Why Didn’t the Peace Process Create a Palestinian State? Because Yasir Arafat Didn’t Want One

Concluded 30 years ago last Wednesday, the Oslo Accords were intended to begin a process that would eventually lead to the establishment of an independent Palestinian polity. Yet this final-status agreement was never reached, despite considerable efforts. Paul Cainer, recalling an interview he conducted with Yasir Arafat, explains why:

Arafat really did not feel he needed a “final status,” which would condemn him to the obloquy of most of the Palestinian and Arab elite, and which would reduce him to the leader of a small and unimportant “state.” He felt much more comfortable politically and psychologically in being portrayed internally and around the Islamic world as a revolutionary, not as a statesman, or, worse, as a sell-out. During our interview with him he was pleased to show us his tiny bedroom, still displaying some small holes made, he said, by Israel shrapnel. In reality, he had a much grander bedroom reachable by a corridor to the other side of [his compound].

What Arafat desired and got was a path to continued and expanded influence and international importance. . . . The Accords allowed 30,000 of Arafat’s armed men, mostly those who had fled Beirut during the 1981 PLO-Israel war, to enter the West Bank and Gaza. They promptly replaced local mayors and more moderate leaders who had spent their lives co-operating with the Israelis to some extent.

His system ensured that the corrupt leadership cadres of the PLO could become immensely fat cats, siphoning off many millions of dollars of international money that had flowed into the coffers of the newly constituted Palestinian National Authority, an offshoot of the PLO.

His repression of dissent of any kind was legendary: he even had a Palestinian newspaper editor arrested and tortured for putting Arafat’s photo on page seven, not the front page.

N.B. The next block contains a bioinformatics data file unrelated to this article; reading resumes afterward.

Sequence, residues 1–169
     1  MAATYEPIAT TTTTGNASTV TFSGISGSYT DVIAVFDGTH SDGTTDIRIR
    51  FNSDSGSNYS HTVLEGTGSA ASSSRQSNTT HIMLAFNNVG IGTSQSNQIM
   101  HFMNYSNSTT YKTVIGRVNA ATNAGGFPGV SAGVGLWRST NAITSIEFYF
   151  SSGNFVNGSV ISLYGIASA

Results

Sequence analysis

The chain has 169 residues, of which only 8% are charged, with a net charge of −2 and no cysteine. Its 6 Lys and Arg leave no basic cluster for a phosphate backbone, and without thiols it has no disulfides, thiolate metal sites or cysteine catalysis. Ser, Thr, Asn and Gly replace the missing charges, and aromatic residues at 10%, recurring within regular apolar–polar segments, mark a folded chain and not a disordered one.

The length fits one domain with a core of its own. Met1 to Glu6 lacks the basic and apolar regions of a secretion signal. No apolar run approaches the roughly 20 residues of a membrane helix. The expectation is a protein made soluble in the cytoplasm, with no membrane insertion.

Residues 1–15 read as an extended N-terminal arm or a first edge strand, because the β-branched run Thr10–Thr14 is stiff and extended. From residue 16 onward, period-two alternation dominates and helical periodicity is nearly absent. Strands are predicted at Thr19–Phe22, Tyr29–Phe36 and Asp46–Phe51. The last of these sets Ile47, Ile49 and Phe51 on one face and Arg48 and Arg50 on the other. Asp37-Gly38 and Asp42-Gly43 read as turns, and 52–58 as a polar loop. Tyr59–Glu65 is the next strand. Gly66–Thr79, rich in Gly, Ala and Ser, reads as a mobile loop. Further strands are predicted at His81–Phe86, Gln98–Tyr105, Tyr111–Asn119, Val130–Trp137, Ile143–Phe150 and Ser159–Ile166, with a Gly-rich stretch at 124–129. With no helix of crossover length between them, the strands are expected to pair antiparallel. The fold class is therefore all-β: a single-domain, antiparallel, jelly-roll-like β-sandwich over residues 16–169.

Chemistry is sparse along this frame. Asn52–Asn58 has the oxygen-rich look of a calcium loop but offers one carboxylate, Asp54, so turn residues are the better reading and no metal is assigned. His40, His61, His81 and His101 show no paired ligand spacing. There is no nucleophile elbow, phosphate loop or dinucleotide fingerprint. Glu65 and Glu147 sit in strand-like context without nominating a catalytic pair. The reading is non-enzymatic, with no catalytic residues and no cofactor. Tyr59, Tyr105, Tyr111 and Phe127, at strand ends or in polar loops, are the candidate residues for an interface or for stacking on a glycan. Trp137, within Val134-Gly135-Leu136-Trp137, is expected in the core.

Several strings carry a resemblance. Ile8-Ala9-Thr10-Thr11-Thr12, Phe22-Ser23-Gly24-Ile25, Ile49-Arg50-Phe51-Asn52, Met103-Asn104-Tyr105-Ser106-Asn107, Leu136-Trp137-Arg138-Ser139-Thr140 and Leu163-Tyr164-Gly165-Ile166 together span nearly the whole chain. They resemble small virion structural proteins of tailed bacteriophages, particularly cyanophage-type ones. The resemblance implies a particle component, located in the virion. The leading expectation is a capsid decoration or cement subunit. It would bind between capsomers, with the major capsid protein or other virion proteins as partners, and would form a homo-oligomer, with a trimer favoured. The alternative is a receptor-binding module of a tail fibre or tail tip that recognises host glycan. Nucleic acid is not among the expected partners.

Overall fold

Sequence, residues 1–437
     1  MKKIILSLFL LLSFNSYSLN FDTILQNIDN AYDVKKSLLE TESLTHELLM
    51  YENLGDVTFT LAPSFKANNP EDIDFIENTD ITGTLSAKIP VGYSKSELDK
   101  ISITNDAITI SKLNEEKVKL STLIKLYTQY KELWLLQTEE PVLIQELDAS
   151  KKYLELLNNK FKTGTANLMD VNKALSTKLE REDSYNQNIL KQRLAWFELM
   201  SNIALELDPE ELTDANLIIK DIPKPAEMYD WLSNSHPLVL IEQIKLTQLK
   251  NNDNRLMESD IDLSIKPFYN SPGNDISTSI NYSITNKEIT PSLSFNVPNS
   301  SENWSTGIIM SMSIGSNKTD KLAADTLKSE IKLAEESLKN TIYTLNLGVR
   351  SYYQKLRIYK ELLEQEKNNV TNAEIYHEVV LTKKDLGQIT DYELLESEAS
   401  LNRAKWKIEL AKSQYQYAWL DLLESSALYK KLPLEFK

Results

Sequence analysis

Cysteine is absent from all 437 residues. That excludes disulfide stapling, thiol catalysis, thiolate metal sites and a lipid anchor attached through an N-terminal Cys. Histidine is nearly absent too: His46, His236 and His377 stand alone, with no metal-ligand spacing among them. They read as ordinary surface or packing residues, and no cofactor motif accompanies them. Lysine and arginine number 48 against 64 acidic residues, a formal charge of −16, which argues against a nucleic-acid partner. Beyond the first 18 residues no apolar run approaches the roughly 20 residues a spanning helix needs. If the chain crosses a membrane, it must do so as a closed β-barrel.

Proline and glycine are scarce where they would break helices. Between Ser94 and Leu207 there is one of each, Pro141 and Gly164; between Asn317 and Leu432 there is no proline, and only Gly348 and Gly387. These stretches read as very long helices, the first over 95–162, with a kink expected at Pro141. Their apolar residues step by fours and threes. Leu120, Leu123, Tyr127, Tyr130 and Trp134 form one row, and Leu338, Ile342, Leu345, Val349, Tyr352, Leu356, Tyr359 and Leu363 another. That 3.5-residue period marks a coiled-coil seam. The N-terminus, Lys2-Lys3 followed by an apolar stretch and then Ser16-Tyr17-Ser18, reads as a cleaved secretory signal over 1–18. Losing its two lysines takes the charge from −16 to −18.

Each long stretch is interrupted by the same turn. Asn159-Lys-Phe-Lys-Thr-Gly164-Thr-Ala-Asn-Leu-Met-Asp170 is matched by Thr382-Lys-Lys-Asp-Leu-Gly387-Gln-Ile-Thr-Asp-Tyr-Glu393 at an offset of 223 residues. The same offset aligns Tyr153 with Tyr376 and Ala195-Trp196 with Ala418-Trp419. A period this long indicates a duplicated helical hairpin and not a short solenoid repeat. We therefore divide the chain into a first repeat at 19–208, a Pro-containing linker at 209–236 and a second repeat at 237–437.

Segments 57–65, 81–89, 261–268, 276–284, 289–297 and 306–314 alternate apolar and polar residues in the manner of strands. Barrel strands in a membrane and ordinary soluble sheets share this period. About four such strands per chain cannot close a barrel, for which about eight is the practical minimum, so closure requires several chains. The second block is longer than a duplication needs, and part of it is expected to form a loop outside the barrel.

Read more at Jewish Chronicle

More about: Palestinian statehood, Peace Process, PLO, Yasir Arafat

Iran’s Options for Revenge on Israel

On April 1, an Israeli airstrike on Damascus killed three Iranian generals, one of whom was the seniormost Iranian commander in the region. The IDF has been targeting Iranian personnel and weaponry in Syria for over a decade, but the killing of such a high-ranking figure raises the stakes significantly. In the past several days, Israelis have received a number of warnings both from the press and from the home-front command to ready themselves for retaliatory attacks. Jonathan Spyer considers what shape that attack might take:

Tehran has essentially four broad options. It could hit an Israeli or Jewish facility overseas using either Iranian state forces (option one), or proxies (option two). . . . Then there’s the third option: Tehran could also direct its proxies to strike Israel directly. . . . Finally, Iran could strike Israeli soil directly (option four). It is the riskiest option for Tehran, and would be likely to precipitate open war between the regime and Israel.

Tehran will consider all four options carefully. It has failed to retaliate in kind for a number of high-profile assassinations of its operatives in recent years. . . . A failure to respond, or staging too small a response, risks conveying a message of weakness. Iran usually favors using proxies over staging direct attacks. In an unkind formulation common in Israel, Tehran is prepared to “fight to the last Arab.”

Read more at Spectator

More about: Iran, Israeli Security, Syria